The Painted Veil
Director/Studio/Author: John Curran/Warner Home Video/w. Somerset Maugham
Original release date: May 8, 2007
Format, Genre and length: DVD/Drama/125 minutes
Publisher/Industry Age Rating: PG-13
Overall Personal Rating: ★★★★★
The time is 1925, the place China. Dr. and Mrs. Walter Fane, having lived in Shanghai for two years, are traveling to a remote area of the country because of a cholera epidemic, despite the fact that Walter Fane (Edward Norton) is a bacteriologist, not a physician. He and Kitty Fane (Naomi Watts) have lived in China since they were first married.
The trip to the cholera-infested village is a far cry from that of their arrival, as there is a palpable tension between them. It seems that Kitty was unfaithful to him with the Vice Consul of Shanghai, Charlie Townsend (Liev Schrieber). When Walter tells her of the epidemic he has volunteered to help with, she informs him that is no place for a woman, and refuses to go... until he tells her if she does not, he will file for divorce, which would be a heavy blow to her social position.
The Painted Veil, based on the novel by W. Somerset Maugham, explores the relationship between Walter and Kitty against the backdrop of the epidemic. I’ve covered the story in more depth in my review of the book. When I saw there was a film, I was curious to know how well it was adapted to the screen.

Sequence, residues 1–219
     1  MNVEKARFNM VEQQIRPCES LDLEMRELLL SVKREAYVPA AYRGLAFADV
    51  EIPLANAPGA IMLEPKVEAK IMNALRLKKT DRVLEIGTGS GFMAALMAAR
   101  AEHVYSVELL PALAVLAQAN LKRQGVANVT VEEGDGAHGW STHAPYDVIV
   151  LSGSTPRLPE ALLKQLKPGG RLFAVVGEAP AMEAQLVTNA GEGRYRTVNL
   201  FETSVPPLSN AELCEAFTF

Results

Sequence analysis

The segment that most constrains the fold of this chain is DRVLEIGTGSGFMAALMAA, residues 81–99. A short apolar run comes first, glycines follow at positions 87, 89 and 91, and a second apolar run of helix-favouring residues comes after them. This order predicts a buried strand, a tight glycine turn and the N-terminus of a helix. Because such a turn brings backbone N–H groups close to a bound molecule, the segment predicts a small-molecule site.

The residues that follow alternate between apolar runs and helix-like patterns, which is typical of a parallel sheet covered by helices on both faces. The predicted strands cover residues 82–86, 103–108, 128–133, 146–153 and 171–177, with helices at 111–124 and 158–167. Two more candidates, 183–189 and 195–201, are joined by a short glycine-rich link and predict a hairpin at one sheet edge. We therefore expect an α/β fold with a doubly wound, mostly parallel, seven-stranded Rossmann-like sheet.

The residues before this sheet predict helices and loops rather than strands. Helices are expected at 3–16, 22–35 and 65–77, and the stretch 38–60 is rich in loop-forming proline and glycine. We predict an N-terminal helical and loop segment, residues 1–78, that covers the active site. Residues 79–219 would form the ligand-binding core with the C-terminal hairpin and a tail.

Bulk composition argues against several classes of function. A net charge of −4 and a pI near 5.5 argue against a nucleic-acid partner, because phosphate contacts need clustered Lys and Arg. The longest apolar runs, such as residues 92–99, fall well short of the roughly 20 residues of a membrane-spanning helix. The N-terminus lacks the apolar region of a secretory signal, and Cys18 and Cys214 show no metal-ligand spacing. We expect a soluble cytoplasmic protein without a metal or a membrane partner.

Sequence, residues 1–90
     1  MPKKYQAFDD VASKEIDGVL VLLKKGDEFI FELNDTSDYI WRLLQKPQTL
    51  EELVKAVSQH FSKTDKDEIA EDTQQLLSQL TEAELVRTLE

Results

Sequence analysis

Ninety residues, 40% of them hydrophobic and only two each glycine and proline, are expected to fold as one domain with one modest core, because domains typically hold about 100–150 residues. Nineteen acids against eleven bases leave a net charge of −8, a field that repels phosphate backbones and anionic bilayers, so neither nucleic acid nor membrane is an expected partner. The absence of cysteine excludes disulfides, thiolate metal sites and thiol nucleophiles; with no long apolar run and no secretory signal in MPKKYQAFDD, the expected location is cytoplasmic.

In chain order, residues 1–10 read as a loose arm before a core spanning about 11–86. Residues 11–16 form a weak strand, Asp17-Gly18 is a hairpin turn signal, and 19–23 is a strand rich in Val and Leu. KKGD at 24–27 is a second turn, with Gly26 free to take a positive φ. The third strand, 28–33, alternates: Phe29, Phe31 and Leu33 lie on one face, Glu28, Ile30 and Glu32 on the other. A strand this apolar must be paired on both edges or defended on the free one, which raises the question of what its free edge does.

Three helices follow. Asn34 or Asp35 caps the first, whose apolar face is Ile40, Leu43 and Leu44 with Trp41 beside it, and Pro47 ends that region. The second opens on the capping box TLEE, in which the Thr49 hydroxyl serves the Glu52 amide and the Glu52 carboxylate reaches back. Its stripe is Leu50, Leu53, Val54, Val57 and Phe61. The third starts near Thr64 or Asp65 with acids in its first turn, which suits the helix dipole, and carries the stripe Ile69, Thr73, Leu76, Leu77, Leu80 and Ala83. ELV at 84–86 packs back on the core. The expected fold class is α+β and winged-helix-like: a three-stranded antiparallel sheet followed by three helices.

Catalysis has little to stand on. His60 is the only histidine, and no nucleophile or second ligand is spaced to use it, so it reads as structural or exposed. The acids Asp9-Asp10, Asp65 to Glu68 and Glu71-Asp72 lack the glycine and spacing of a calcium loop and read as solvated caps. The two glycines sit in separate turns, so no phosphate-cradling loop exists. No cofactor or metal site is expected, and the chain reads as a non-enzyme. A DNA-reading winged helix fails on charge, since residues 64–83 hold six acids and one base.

The story has been fleshed out somewhat, of necessity, as the novel is in Kitty’s POV, which does not tell us as much as we’d like of Walter and his mindset. I think the screenwriter bridged the gap rather well, and Edward Norton brings him to life, endearing him to me in a way the novel never did.
Naomi Watts plays Kitty well. She begins the film as a shallow, empty-headed woman whose sole goal in life is to be married, not for love but because it’s the thing to do. She justifies her affair to herself because she doesn’t love Walter, and she believes herself in love with Charlie. Well, Walter helps her to see Charlie for what he really is. Her journey is one of self-discovery. At the beginning, Walter loves her very much and she barely sees him, but over the course of the film, she comes to realize his true worth, as well as her own, as they find one another.
Can love make everything right? Unfortunately, some things are beyond its ability to heal, and the film has a bittersweet ending.
It is a well-done adaptation of the novel, and even though it romanticizes their relationship at the end, I think I prefer the changes, which make a potentially depressing film into a sad one. It may not be action-packed—Maugham’s stories seldom are—but it possesses a definite depth of character. Look for Toby Jones (Tinker Tailor Soldier Spy) as Waddington, the Englishman that becomes Kitty’s confidante in a strange land.
The cinematography is beautiful, and so is the music that is used in the soundtrack.
I highly recommend this film if you enjoy such films as The English Patient.